Teen in High School

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This topic contains 18 replies, has 14 voices, and was last updated by  Mark2Mom 7 months, 2 weeks ago.

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  • #89308

    Cdias
    Participant

    My 17 year old son is about to start his junior year. I am dreading the arguing that comes over doing his work and keeping up with assignments. He has come very close to failing due to zeros and missing work. He has not ever followed through on writing down assignments. I would love suggestions on how to get a 17 year old to atleast write things down and do his work. Thanks for any help!!

  • #89356

    JBoom
    Participant

    To get the best advice, you may need to provide more information. What has been done to address this problem so far? Does he have a diagnoses of ADHD? If so, are there co-existing conditions along with that? Or something else altogether?

    Step number one is always to find out any underlying medical conditions, like ADHD, that contribute to the problem then work to find a treatment plan that works. From there it becomes possible to apply various therapeutic techniques to improve interest, motivation, and focus on school work.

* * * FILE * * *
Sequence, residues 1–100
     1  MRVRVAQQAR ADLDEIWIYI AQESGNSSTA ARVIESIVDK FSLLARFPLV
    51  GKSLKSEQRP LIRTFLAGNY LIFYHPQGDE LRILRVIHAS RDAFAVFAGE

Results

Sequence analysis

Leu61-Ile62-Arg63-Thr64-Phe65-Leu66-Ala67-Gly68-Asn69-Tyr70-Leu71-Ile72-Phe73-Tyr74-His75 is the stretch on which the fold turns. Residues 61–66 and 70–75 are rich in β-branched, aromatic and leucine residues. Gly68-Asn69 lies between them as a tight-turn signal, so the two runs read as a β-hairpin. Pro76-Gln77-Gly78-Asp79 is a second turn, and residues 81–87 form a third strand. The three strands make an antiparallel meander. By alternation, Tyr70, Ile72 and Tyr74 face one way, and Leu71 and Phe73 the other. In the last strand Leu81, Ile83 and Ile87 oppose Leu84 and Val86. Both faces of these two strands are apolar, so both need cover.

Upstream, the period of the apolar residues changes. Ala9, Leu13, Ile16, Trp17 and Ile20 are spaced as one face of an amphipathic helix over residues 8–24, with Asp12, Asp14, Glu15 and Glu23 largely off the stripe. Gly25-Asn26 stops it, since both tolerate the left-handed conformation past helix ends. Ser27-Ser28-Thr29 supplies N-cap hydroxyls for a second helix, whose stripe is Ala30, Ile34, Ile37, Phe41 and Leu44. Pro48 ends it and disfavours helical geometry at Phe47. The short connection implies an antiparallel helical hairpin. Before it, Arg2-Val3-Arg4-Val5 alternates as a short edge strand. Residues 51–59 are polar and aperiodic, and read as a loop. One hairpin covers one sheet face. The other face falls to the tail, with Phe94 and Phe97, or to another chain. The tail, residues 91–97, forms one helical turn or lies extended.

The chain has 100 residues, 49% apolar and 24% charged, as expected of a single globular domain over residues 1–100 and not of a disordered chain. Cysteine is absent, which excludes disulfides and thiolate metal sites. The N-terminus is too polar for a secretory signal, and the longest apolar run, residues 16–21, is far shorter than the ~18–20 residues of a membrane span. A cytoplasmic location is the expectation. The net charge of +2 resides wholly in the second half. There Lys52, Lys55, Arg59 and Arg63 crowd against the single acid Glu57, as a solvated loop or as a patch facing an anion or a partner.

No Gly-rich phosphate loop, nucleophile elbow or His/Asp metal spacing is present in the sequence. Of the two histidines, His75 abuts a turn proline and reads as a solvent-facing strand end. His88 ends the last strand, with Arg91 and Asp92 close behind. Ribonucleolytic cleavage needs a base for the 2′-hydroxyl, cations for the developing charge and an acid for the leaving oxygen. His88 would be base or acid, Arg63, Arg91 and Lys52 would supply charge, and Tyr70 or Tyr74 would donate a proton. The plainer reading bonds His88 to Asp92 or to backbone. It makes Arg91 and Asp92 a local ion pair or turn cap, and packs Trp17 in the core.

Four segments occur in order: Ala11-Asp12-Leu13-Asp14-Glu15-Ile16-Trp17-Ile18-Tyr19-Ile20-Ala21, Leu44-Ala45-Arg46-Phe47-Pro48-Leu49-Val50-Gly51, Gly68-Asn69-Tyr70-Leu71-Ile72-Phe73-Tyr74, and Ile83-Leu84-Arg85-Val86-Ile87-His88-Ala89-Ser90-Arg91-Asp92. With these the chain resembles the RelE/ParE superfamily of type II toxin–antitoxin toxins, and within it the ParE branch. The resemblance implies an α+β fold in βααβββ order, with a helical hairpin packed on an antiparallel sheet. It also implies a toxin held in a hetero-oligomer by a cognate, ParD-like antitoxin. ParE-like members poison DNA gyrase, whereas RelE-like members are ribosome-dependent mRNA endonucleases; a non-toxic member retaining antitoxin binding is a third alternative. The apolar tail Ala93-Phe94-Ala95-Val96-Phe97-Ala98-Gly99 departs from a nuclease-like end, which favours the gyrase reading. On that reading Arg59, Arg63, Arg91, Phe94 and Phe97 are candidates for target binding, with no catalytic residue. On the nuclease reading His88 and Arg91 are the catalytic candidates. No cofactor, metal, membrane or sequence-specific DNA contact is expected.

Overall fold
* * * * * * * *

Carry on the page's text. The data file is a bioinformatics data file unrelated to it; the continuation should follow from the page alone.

In short, give us a little history and context.

    • #90421

      csassaman
      Participant

      I’m just like him and I’m 62 Dr. Amen at Amen Clinics could help if you are rich if not Good luck!

  • #89404

    ADHDmomma
    Keymaster

    Instead of trying to figure out how to get him to fit the neurotyical expectation — which will always fail, because he’s not neurotypical — ask yourself (and him) how can you meet the goal through tools, strategies and accommodations. Executive functioning deficits common with ADHD mean he won’t think to write things down and get it done effectively and in the short time often allowed. So, instead, find what will help him get assignments done and turned in.

    50 High School Accommodations for Every ADHD Challenge

    Penny
    ADDitude Community Moderator, Parenting ADHD Trainer & Author, Mom to teen w/ ADHD, LDs, and autism

  • #89412

    Cdias
    Participant